Friday, July 19, 2024

Argentina writer pens Buenos Aires vampire novel for US readers

Posted by Elena del Valle on June 20, 2024

Thirst cover


Photos: Dutton, Anita Bugni

This year Dutton released Thirst (Dutton, $28), a 241-page hardcover fiction title, in English and Spanish in the United States. Written by Argentina born Marina Yuszczuk the vampire horror novel is set in early colonial Buenos Aires, Argentina. Heather Cleary translated the book. The author replied to questions by email via her publishing company publicist. The translator replied to questions via email.

When asked, with so many vampire novels already in print what inspired her to write Thirst she replied: “Well, precisely: I was inspired by thirst, which is endless. I had the desire to write about a vampire when an image materialized in my mind. I sensed I could bring a new perspective because this was a very specific image, set in Cementerio de la Recoleta in the XIXth century Buenos Aires. There are practically no vampires in the Argentinian literary tradition, and even horror is not a widely cultivated genre in my country. On another, more personal level, the urge to dive into such an erotic, sensual topic was irresistible.”

When asked about her primary target audience (in general, in the United States, and for the English edition) she replied: “First of all, I suppose, readers like myself who became fascinated with gothic literature as teenagers, who spent long hours of loneliness reading in their bedrooms with the door locked and developed a secret life, much like the heroes and heroines of gothic stories. I also believe—and this has been the case in Argentina—that Thirst is a vampire novel that can appeal to readers who are not used to reading vampire novels, or even horror. And I have to say, as I am myself a cinephile, I think this will appeal to horror movie fans, because vampire movies are in the very heart of Thirst.”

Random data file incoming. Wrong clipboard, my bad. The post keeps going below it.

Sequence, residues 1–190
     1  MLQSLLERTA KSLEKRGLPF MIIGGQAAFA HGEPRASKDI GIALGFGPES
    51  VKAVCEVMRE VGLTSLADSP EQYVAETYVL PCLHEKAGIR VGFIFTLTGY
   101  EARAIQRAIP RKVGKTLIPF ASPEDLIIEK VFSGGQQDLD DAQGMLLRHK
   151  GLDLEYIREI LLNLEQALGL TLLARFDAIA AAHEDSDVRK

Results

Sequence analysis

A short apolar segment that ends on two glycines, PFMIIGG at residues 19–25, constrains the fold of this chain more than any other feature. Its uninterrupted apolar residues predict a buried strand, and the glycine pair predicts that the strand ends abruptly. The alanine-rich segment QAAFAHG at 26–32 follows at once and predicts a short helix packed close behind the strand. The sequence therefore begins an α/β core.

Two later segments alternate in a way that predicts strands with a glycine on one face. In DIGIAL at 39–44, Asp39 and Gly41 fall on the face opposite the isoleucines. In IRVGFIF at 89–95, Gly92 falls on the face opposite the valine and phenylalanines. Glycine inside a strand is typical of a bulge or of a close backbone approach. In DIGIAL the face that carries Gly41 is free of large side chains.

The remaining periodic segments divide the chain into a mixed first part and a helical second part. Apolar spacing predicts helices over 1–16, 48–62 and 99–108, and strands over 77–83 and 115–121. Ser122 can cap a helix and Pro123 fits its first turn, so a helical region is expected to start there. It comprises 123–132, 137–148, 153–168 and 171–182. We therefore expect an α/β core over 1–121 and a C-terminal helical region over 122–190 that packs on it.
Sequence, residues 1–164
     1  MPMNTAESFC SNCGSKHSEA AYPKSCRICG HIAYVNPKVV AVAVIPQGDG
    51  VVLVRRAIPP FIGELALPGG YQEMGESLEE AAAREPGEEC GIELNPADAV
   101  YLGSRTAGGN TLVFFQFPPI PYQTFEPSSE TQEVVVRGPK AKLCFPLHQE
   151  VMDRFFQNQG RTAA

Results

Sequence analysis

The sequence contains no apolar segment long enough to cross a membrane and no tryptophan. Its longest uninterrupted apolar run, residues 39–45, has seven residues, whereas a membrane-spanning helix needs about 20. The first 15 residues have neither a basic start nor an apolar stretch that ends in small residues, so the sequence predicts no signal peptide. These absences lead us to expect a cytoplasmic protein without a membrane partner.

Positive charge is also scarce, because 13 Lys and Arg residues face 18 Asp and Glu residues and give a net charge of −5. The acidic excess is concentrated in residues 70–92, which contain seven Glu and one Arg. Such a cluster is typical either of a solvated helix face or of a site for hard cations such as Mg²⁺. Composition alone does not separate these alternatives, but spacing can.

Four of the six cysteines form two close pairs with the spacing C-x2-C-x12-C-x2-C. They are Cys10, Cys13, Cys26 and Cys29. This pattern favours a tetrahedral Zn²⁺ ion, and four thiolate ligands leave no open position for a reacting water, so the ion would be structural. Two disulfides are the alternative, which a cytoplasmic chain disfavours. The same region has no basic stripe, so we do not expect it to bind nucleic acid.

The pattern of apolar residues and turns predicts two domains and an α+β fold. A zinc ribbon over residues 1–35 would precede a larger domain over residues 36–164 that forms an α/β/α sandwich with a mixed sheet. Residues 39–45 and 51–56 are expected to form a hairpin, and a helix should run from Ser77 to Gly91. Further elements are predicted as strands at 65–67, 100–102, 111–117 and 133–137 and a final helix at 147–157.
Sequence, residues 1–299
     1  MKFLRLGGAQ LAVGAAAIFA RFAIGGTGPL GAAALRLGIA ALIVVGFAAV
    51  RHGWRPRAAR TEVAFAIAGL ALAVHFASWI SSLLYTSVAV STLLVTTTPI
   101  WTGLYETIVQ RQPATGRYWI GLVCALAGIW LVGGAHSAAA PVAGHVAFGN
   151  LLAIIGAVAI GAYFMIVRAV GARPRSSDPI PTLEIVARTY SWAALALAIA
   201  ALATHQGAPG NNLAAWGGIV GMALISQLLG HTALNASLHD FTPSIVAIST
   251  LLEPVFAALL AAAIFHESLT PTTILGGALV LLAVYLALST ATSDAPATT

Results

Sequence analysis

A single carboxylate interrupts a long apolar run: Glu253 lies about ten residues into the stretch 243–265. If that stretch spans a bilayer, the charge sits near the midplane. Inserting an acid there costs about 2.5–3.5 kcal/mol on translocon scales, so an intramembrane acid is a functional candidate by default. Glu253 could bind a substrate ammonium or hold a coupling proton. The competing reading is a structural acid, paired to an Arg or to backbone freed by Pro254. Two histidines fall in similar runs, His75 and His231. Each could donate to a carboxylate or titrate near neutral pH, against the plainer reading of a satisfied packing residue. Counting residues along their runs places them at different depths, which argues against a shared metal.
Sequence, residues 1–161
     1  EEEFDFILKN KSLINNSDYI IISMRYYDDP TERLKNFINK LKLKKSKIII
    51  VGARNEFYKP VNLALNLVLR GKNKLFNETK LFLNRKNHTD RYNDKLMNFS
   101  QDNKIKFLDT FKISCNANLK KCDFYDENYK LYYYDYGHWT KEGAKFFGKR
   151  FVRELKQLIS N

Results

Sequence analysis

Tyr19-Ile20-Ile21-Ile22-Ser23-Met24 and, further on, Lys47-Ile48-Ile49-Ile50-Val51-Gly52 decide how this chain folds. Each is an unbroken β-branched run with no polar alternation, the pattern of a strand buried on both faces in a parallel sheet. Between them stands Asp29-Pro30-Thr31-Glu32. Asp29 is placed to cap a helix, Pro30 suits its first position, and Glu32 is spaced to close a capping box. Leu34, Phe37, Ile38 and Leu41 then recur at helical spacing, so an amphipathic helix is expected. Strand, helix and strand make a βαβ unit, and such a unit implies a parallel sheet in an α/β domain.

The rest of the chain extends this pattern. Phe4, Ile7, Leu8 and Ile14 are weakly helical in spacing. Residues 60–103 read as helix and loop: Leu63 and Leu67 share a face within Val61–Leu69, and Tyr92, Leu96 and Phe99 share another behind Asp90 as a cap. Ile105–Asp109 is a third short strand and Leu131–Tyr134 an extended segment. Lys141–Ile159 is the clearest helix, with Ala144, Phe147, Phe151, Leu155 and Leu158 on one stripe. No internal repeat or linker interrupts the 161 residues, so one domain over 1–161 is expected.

Regarding her biggest challenge in relation to the translation she said, “The biggest challenge in relation to the translation was getting editors in the US to read it, I guess! But that was my agent’s work, and she was brilliant. Then, of course, one aspect of the translation in which translator Heather Cleary and I worked very carefully was the specific scenario of XIXth century Buenos Aires with its particular mixture of colonial, French, and Italian architecture—a rather small town soon to become a modern, cosmopolitan city.”

Marina Yuszczuk

Marina Yuszczuk

When asked about her goal and how she  measures success she said: “I don’t think writers have goals other than to be able to keep on writing, and it is that necessity that makes us care about success, if we ever do. For me, success is the possibility to secure the writing of my next novel.”

Regarding next projects the author said, “I have already written two more novels after Thirst. One of them, Para que sepan que vinimos, was published in Argentina in 2022, and it’s a ghost story centered on the relationship between a grown-up daughter and her deceased mother. I just finished another novel, a gothic story set in a science museum in the last decades of the XIXth century.”